Written by: Jennifer Kathleen Gibbons
I don’t know where to begin.
Should I write again about the unfairness of 2016? Or that it’s so damned unfair Debbie Reynolds died a day after her daughter’s death? Or should I write about Fisher’s daughter Billie Lourd and Fisher’s brother Todd, two people who are in a hell I would never wish on anyone?
I want to concentrate on life.
I want to remember Mary Frances Reynolds, a girl who had big dreams and wanted to be a movie star. Unlike most girls, her dream came true at sixteen when she won a beauty pageant and soon found herself at MGM. The path for her was paved to Hollywood and she had to follow it.
I want to remember her at eighteen singing “Aba Daba Honeymoon.” I want to remember her in Singing in the Rain when she jumped out of a cake then sang, “All I Do Is Dream Of You.”
If people get down about the world I want to tell them I get it, I understand–it’s so scary out there. But watch Singing in the Rain. Watch Debbie Reynolds, Gene Kelly and Donald O’Connor sing “Good Morning.” Watch them dance. Look at them. There’s so much joy there. How can you be down when you watch them? They are the embodiment of euphoria, of bliss.
Early on, Debbie met and married Eddie Fisher. They did the movie Bundle of Joy (a musical remake of the Ginger Rodgers film Bachelor Mother) while making the film they were expecting their own bundle of joy: a little girl named Carrie. While pregnant with Carrie she also made Tammy and the Bachelor. She soon had a gold record with the song “Tammy” one of those songs that when it gets in your head, it stays there: I hear the cottonwoods whisperin’ above/Tammy! Tammy! Tammy’s in love!
However like a movie, the plot changed.
Eddie’s best friend Mike Todd died. Saddened, Debbie and Eddie named their baby boy Todd in his honor. Eddie felt like it was his duty to comfort Elizabeth Taylor, Mike’s widow and Debbie’s best friend. Soon he was comforting her a lot. Suddenly Debbie found herself a single mother with two children. It was pure drama. Poor Debbie! Bad Elizabeth! (Though they did make up years later.)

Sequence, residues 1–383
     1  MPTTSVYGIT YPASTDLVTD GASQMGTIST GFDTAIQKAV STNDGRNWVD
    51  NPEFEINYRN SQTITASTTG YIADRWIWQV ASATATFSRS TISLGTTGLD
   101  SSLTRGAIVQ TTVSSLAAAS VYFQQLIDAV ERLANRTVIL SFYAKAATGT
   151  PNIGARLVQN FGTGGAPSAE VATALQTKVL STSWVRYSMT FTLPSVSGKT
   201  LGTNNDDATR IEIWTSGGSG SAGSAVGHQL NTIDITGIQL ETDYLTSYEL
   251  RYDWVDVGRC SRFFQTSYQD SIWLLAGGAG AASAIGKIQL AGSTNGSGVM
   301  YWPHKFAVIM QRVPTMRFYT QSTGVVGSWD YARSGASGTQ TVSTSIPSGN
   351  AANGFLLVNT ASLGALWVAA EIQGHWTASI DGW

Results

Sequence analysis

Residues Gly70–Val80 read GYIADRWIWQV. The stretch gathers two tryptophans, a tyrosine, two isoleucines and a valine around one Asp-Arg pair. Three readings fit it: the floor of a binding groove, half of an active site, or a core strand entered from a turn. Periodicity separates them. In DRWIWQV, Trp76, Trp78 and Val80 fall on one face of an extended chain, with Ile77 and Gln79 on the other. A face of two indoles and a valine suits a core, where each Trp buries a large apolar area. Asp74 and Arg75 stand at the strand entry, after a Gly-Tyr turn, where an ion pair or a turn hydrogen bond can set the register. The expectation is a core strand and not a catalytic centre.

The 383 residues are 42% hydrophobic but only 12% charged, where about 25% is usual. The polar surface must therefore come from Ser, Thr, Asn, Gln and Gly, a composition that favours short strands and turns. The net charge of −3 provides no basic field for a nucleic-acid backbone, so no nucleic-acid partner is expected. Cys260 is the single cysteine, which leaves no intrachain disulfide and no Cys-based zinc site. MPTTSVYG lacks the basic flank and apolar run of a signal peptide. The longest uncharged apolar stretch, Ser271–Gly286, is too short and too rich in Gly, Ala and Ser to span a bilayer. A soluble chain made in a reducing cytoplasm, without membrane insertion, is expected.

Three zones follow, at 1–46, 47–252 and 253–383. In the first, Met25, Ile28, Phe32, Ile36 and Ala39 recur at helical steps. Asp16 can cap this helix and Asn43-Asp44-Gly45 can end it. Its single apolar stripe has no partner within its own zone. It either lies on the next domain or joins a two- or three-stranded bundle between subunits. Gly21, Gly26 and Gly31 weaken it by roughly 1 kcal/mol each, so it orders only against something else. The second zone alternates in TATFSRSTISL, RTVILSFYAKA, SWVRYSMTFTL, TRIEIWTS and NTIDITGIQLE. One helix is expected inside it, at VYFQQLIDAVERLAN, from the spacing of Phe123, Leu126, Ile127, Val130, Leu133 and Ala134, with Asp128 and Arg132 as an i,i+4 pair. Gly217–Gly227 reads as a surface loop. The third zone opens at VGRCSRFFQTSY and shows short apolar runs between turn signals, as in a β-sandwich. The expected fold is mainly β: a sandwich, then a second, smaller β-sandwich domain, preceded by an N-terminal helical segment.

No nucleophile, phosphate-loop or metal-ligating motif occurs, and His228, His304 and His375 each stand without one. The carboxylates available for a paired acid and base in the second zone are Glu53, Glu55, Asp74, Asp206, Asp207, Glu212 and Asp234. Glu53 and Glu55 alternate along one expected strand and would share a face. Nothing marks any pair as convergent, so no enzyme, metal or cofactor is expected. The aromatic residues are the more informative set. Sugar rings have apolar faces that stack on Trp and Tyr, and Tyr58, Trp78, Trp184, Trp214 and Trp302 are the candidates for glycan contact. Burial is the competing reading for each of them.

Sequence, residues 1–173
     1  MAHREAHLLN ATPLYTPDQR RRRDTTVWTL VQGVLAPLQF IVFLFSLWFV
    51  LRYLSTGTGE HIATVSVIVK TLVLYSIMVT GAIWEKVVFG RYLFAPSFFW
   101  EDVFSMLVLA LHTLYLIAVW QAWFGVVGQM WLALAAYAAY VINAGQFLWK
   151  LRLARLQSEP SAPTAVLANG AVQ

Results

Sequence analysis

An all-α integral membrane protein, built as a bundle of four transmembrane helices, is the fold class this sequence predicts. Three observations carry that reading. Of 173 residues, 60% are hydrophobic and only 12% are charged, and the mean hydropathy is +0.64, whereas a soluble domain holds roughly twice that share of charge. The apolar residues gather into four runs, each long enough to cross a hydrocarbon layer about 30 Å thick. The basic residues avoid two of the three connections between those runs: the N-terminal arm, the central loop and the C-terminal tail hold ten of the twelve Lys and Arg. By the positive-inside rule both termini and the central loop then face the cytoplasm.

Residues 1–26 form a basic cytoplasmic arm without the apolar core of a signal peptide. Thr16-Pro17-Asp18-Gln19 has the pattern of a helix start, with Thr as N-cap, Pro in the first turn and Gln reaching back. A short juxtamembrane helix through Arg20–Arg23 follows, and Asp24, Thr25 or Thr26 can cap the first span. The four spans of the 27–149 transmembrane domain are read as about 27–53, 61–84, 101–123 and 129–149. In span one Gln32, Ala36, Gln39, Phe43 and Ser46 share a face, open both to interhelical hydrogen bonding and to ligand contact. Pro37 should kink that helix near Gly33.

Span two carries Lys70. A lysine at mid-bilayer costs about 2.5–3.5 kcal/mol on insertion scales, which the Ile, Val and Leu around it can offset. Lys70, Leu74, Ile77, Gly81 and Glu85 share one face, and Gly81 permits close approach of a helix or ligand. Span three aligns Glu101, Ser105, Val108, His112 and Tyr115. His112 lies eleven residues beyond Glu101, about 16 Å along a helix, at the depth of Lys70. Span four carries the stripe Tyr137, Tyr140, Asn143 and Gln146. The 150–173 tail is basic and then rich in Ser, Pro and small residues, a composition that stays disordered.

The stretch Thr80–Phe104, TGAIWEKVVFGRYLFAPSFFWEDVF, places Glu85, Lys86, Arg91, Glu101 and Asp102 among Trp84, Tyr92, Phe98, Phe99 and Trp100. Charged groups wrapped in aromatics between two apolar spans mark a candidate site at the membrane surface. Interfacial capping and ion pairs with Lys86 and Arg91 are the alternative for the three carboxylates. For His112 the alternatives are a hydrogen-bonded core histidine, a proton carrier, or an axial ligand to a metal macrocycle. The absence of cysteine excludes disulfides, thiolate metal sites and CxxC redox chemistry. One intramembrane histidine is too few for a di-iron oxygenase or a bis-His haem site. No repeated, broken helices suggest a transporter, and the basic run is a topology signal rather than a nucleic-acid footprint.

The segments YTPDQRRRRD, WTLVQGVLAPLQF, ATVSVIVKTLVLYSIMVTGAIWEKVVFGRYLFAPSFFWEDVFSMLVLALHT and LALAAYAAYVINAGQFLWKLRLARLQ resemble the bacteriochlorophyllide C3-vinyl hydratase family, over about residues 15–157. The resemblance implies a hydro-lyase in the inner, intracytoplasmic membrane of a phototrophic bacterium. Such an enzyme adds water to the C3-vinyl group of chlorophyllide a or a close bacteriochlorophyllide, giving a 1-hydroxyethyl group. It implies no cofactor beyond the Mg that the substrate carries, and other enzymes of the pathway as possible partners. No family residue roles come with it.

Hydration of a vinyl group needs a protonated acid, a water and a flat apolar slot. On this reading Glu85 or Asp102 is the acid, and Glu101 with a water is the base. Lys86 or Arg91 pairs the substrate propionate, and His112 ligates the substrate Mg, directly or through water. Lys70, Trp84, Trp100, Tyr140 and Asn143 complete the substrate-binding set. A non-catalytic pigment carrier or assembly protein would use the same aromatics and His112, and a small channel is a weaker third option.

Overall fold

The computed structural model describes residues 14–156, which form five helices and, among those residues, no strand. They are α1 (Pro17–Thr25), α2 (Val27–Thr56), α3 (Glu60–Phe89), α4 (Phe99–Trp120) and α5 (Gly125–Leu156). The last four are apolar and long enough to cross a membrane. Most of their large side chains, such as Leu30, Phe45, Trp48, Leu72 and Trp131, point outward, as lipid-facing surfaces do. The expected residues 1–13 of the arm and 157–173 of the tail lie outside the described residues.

Debbie kept working. She kept making movies and put together a Las Vegas act. She put out more records. She married again to businessman Harry Karl, but he marriage was troubled due to bad investments on Karl’s par–then she suffered two stillbirths in a row.
In 1964 she made The Unsinkable Molly Brown, the story of the Titanic survivor who refused to go down with the ship. Debbie was like Molly Brown herself: she had grit, she was tough, and she was unsinkable. She garnered an Oscar nomination, only to lose to Julie Andrews’ Mary Poppins. However, Hollywood was changing. They were shifting away from musicals and concentrating on “topical” films.
Soon, stars like Reynolds found themselves relics.
So she kept on performing her Vegas act. When Carrie got older, she joined her mother in performing, then did a little movie called Star Wars. Suddenly, Debbie became known for something else: she was Princess Leia’s mom. For many children, Debbie was Charlotte in Charlotte’s Web, providing Charlotte a strong voice fighting for her friend Wilbur. She kept acting, kept singing, kept going…
In 1996 she suddenly had something in common with Courtney Love: they were both overlooked for Best Actress nominations. Love for her blistering performance as Althea Flynt in The People Vs. Larry Flynt, Debbie for her role as the distant mother in, what else? A film called Mother. In a lesser actress’ hands the role would’ve been reduced to simplistic comedy. However, Debbie added layers to a woman who had to put her writing dreams on hold to raise her children. The last scene is her writing. I love that ending. I don’t know if she and Love went out for drinks and felt sorry for themselves for not being nominated, but wow, that would’ve been a sight.
I want to remember Debbie and Carrie. They were a mother daughter duo who adored each other. It wasn’t easy: Eddie wasn’t there for Carrie and her brother Todd. Carrie dealt with drugs and being bipolar. No doubt it wasn’t easy for Debbie. But Carrie knew this from her mother: you had to keep going. You had to be unsinkable. Don’t let the bastards get you down. Keep buoyant. Get grit and stay in the game.